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A political movement is a social movement in the area of politics. A political movement may be organized around a single issue or set of issues, or around a set of shared concerns of a social group. In contrast with a political party, a political movement is not organized to elect members of the movement to government office; instead, a political movement aims to convince citizens and/or government officers to take action on the issues and concerns which are the focus of the movement.
Political movements are an expression of the struggle of a social group for the political space and benefits. The political movements are presented by non-state groups who are led by their élite. In fact the process of the construction of identities and reinforcing them is also a part of political movements.
A political movement may be local, regional, national, or international in scope. Some have aimed to change government policy, such as the the anti-war movement, the Ecology movement, and the Anti-globalization movement. Many have aimed to establish or broaden the rights of subordinate groups, such as abolitionism, the women's suffrage movement, the Civil rights movement, feminism, men's rights movement, gay rights movement, the Disability rights movement, or the inclusive human rights movement. Some have represented class interests, such as the Labour movement, Socialism, and Communism, others have expressed national aspirations, such as anticolonialist movements, Ratana, Zionism, and Sinn Féin. Political movements can also involve struggles to decentralize or centralize state control, as in Anarchism, Fascism, and Nazism.
Some activists and scholars claim that along with globalization a new type of political movement emerges that is not merely international or single-issue focused, but is characterized with global approach. This has been termed a global citizens movement and debate continues over whether it has manifested or is still a latent potential.
 Identification of supporters
A difficulty for scholarship of movements is that for most of them, neither insiders to a movement nor outsiders apply consistent labels or even descriptive phrases. Unless there is a single leader who does that, or a formal system of membership agreements, activists will typically use diverse labels and descriptive phrases that require scholars to discern when they are referring to the same or similar ideas, declare similar goals, adopt similar programs of action, and use similar methods. There can be great differences in the way that is done, to recognize who is and who is not a member or an allied group:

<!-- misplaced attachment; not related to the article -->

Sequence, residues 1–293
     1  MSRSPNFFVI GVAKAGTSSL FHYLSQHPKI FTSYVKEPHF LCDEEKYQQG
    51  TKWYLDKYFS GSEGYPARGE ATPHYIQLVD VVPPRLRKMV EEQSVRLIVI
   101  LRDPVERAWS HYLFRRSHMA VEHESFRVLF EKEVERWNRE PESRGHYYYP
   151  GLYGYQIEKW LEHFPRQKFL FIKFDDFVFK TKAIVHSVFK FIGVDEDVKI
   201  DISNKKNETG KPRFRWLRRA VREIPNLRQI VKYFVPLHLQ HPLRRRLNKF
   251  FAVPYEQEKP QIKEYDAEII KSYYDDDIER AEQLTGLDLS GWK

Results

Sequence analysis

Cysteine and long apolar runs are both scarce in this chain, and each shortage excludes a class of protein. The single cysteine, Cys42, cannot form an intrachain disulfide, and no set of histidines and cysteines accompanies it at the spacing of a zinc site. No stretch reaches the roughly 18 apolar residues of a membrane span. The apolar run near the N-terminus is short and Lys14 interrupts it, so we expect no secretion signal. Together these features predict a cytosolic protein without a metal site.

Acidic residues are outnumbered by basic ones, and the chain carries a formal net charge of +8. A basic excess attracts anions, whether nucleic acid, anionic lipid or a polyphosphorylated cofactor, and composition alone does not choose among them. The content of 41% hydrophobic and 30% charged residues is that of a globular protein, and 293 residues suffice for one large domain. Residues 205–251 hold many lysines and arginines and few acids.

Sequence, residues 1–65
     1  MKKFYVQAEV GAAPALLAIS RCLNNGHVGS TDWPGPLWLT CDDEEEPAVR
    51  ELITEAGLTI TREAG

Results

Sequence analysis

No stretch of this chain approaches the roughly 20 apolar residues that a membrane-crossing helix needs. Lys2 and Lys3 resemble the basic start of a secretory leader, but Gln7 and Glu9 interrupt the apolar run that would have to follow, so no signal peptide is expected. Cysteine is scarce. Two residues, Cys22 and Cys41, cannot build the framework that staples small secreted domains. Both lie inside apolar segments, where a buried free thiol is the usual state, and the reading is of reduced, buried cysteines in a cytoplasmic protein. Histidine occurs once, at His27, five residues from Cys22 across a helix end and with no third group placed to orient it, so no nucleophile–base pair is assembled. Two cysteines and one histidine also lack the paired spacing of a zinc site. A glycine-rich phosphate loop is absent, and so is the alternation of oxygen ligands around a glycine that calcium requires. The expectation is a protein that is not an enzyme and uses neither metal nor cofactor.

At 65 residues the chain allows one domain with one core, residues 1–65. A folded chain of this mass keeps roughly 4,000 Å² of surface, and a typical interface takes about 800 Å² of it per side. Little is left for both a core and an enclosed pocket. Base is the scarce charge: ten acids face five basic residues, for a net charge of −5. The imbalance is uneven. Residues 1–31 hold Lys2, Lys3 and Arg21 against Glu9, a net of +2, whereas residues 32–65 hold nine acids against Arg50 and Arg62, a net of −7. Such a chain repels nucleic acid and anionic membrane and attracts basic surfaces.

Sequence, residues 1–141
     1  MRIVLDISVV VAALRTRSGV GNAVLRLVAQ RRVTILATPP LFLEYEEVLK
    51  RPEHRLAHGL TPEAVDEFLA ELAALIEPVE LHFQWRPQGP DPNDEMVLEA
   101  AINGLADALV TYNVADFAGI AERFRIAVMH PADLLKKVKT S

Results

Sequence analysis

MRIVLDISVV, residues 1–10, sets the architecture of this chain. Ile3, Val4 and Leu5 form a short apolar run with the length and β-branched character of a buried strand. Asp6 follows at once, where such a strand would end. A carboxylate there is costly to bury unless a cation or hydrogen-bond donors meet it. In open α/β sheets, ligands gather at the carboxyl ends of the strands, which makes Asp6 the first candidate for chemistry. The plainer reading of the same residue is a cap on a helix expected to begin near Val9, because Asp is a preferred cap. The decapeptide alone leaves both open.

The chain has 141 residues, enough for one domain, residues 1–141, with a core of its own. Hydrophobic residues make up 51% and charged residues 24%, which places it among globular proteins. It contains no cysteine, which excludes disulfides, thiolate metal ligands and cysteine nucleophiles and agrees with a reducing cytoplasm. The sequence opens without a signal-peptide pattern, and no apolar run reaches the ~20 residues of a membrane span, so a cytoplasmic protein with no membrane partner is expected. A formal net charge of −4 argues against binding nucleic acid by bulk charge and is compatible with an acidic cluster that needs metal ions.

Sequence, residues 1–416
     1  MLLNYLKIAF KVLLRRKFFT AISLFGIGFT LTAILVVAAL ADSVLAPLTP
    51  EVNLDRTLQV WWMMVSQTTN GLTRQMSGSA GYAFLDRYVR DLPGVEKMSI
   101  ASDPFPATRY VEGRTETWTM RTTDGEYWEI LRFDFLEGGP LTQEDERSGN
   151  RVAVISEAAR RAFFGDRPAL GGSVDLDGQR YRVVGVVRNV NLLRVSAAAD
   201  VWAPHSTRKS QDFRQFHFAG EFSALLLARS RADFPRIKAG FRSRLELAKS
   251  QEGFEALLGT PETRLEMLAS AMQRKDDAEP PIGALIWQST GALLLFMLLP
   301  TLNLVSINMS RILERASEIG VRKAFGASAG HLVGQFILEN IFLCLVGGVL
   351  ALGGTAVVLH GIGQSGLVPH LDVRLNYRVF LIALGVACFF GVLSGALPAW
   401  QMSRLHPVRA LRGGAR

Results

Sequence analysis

- Insiders: Often exaggerate the level of support by considering people supporters whose level of activity or support is weak, but also reject those that outsiders might consider supporters because they discredit the cause, or are even seen as adversaries.
- Outsiders: Those not supporters who may tend to either underestimate or overestimate the level or support or activity of elements of a movement, by including or excluding those that insiders would exclude or include.
It is often outsiders rather than insiders that apply the identifying labels for a movement, which the insiders then may or may not adopt and use to self-identify. For example, the label for the levellers political movement in 17th century England was applied to them by their antagonists, as a term of disparagement. Yet admirers of the movement and its aims later came to use the term, and it is the term by which they are known to history.
Caution must always be exercised in any discussion of amorphous phenomena such as movements to distinguish between the views of insiders and outsiders, supporters and antagonists, each of whom may have their own purposes and agendas in characterization or mischaracterization of it.
 See also